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Applying Discourse Analysis to the Questionnaire Design and Evaluation Process: A proposal for the incorporation of an alternative methodological tool

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Abstract:

Survey research methods are continuously infused with methodological tools drawn from other disciplines. For example, methods inherent to cognitive psychology (“think out loud”, concurrent probing, retrospective probing) now serve as the basis for much work done in the area of questionnaire design and evaluation. In this paper, we propose that survey researchers consider methodological tools with origins in the fields of linguistics and discourse analysis, to supplement and add alternative insights to the questionnaire evaluation and testing process.

This paper begins by placing the verbal interactions that occur when interviewer and survey respondent engage in a dialogue based on a questionnaire text within the context of discursive analysis. We use a set of criteria proposed by Parker (1992) to argue that these verbal interactions clearly qualify for consideration as discursive texts. Next we review current three approaches to discourse analysis including conversational analysis (Greatbatch, 1998), structural analysis (Bell, 1991), and critical discourse analysis (Fairclough 1989, 1998, Van Dijk, 1988), and consider how they can be adapted to the evaluation of survey questions and instruments.

We demonstrate how discourse analysis might be applied to a series of tape-recorded and transcribed (pre-test) interactions between respondents and interviewers and what insights such an analysis might provide questionnaire designers. We conclude by comparing and contrasting the results of discursive analysis to other methods used in the testing and evaluation of survey instruments, including cognitive interviewing (Blair and Presser, 1993; Willis, 1999), behavioral coding schema (Fowler and Cannell, 1996), and expert review processes (Forsyth, Levin and Fisher, 1999). Our results suggest that discourse analysis may prove to be a useful addition to the growing battery of evaluation mechanisms currently available to questionnaire designers, providing both similar and substantiating insights as well as an alternative means of interpreting and evaluating survey questions.

Author's Keywords:

questionnaire evluation and pretesting, discourse analysis
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Association:
Name: American Association for Public Opinion Research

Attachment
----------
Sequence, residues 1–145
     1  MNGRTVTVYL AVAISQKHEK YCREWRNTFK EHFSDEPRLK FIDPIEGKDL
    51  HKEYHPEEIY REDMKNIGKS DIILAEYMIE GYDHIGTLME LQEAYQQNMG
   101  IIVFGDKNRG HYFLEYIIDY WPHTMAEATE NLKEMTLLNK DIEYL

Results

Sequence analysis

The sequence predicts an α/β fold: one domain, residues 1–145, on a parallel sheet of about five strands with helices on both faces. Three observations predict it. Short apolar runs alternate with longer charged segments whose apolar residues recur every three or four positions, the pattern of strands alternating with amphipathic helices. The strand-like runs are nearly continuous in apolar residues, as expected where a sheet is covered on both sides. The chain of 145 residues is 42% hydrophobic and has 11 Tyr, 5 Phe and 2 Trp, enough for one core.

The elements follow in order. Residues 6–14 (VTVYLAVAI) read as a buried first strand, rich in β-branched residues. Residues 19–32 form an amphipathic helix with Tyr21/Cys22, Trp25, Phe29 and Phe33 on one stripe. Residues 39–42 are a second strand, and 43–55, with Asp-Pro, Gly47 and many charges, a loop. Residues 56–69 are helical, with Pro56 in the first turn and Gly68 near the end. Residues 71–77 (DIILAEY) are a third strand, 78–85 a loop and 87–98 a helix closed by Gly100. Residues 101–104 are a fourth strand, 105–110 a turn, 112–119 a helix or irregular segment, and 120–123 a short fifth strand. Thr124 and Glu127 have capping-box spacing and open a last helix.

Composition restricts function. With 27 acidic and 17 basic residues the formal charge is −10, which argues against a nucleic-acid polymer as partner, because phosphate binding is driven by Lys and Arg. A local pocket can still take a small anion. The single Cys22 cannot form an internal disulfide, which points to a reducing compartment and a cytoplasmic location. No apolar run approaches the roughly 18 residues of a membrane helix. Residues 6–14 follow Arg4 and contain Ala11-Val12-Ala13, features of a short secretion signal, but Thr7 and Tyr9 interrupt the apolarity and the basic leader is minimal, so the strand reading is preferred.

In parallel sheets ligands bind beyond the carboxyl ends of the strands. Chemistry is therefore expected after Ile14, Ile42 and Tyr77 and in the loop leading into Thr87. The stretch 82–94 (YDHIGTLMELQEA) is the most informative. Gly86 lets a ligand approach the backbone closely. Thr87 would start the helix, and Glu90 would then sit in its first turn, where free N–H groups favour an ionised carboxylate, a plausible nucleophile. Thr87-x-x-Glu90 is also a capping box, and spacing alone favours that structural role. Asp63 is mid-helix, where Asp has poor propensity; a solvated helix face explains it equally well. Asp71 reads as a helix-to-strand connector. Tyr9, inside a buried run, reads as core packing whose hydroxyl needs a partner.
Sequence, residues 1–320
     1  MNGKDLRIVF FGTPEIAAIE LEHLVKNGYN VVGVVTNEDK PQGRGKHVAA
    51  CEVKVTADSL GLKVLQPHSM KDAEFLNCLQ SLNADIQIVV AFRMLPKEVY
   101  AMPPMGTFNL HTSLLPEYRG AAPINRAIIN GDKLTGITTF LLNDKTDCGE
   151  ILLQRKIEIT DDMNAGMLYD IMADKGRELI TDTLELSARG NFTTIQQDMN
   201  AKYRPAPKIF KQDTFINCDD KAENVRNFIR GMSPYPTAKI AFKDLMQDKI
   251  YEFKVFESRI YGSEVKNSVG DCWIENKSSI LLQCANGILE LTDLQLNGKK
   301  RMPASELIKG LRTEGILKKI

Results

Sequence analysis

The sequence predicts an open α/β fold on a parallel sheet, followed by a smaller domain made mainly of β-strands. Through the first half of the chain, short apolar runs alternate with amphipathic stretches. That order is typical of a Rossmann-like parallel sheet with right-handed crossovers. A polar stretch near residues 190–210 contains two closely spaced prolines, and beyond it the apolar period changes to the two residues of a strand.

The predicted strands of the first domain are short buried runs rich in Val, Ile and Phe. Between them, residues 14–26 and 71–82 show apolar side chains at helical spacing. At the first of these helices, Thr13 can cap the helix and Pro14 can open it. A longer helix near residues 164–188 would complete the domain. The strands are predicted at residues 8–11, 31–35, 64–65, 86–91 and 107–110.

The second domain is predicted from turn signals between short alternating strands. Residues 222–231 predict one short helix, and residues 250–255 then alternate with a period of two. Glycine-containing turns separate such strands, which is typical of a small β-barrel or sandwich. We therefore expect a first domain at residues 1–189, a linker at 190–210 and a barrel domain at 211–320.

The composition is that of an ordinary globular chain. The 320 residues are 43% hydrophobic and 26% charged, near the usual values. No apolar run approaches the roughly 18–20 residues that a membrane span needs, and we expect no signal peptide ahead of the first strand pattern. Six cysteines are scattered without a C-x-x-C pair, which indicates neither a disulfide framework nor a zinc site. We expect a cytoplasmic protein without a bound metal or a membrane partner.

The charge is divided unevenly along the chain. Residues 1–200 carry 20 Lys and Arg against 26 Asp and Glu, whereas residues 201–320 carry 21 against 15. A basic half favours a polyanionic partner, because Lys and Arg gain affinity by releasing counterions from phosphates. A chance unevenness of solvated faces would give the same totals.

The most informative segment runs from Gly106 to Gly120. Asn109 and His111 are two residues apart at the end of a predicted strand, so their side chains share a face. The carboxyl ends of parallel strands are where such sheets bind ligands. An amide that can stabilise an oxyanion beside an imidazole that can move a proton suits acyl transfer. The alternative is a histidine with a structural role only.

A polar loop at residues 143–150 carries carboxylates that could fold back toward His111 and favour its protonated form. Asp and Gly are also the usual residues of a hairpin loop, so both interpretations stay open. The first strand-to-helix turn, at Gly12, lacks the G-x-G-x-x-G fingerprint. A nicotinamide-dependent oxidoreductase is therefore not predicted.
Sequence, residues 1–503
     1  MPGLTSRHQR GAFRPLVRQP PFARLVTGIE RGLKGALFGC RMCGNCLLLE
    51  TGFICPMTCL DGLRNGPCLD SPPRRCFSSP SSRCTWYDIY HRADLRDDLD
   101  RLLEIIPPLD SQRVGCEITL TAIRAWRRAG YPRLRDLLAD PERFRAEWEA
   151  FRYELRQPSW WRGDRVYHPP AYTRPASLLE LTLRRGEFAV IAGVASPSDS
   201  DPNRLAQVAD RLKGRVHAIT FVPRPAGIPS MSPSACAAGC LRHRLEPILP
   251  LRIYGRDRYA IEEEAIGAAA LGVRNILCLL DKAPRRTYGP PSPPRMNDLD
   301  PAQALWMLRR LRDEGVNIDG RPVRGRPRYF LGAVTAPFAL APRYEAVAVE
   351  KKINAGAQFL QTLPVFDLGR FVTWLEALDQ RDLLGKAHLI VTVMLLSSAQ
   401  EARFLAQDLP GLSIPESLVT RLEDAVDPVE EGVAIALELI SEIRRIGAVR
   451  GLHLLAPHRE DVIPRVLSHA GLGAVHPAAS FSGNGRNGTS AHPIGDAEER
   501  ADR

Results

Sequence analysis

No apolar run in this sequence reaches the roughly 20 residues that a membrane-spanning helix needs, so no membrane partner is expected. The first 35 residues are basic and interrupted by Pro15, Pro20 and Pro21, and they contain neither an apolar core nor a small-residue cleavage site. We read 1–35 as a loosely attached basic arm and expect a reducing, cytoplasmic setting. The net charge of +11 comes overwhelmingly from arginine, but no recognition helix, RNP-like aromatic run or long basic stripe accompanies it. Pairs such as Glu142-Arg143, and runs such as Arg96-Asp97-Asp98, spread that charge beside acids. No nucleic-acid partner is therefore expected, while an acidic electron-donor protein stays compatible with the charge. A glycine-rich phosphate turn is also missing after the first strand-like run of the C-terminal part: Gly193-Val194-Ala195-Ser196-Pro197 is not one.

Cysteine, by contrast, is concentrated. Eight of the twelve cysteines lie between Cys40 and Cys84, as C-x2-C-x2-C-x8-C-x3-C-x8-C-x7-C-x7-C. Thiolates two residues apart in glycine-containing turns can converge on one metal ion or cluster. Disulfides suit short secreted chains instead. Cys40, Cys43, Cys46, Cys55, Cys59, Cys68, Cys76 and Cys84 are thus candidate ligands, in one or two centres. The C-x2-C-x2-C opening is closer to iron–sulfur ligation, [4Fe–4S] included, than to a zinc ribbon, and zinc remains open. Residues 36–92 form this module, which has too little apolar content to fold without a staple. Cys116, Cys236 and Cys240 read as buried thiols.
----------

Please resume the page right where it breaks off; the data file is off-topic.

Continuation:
URL:
http://www.aapor.org


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MLA Citation:

horak, christine. and kleiner, brian. "Applying Discourse Analysis to the Questionnaire Design and Evaluation Process: A proposal for the incorporation of an alternative methodological tool" Paper presented at the annual meeting of the American Association for Public Opinion Research, Sheraton Music City, Nashville, TN, Aug 16, 2003 <Not Available>. 2009-05-26 <http://www.allacademic.com/meta/p116290_index.html>

APA Citation:

horak, c. a. and kleiner, b. , 2003-08-16 "Applying Discourse Analysis to the Questionnaire Design and Evaluation Process: A proposal for the incorporation of an alternative methodological tool" Paper presented at the annual meeting of the American Association for Public Opinion Research, Sheraton Music City, Nashville, TN <Not Available>. 2009-05-26 from http://www.allacademic.com/meta/p116290_index.html

Publication Type: Conference Paper/Unpublished Manuscript
Review Method: Peer Reviewed
Abstract: Survey research methods are continuously infused with methodological tools drawn from other disciplines. For example, methods inherent to cognitive psychology (“think out loud”, concurrent probing, retrospective probing) now serve as the basis for much work done in the area of questionnaire design and evaluation. In this paper, we propose that survey researchers consider methodological tools with origins in the fields of linguistics and discourse analysis, to supplement and add alternative insights to the questionnaire evaluation and testing process.

This paper begins by placing the verbal interactions that occur when interviewer and survey respondent engage in a dialogue based on a questionnaire text within the context of discursive analysis. We use a set of criteria proposed by Parker (1992) to argue that these verbal interactions clearly qualify for consideration as discursive texts. Next we review current three approaches to discourse analysis including conversational analysis (Greatbatch, 1998), structural analysis (Bell, 1991), and critical discourse analysis (Fairclough 1989, 1998, Van Dijk, 1988), and consider how they can be adapted to the evaluation of survey questions and instruments.

We demonstrate how discourse analysis might be applied to a series of tape-recorded and transcribed (pre-test) interactions between respondents and interviewers and what insights such an analysis might provide questionnaire designers. We conclude by comparing and contrasting the results of discursive analysis to other methods used in the testing and evaluation of survey instruments, including cognitive interviewing (Blair and Presser, 1993; Willis, 1999), behavioral coding schema (Fowler and Cannell, 1996), and expert review processes (Forsyth, Levin and Fisher, 1999). Our results suggest that discourse analysis may prove to be a useful addition to the growing battery of evaluation mechanisms currently available to questionnaire designers, providing both similar and substantiating insights as well as an alternative means of interpreting and evaluating survey questions.

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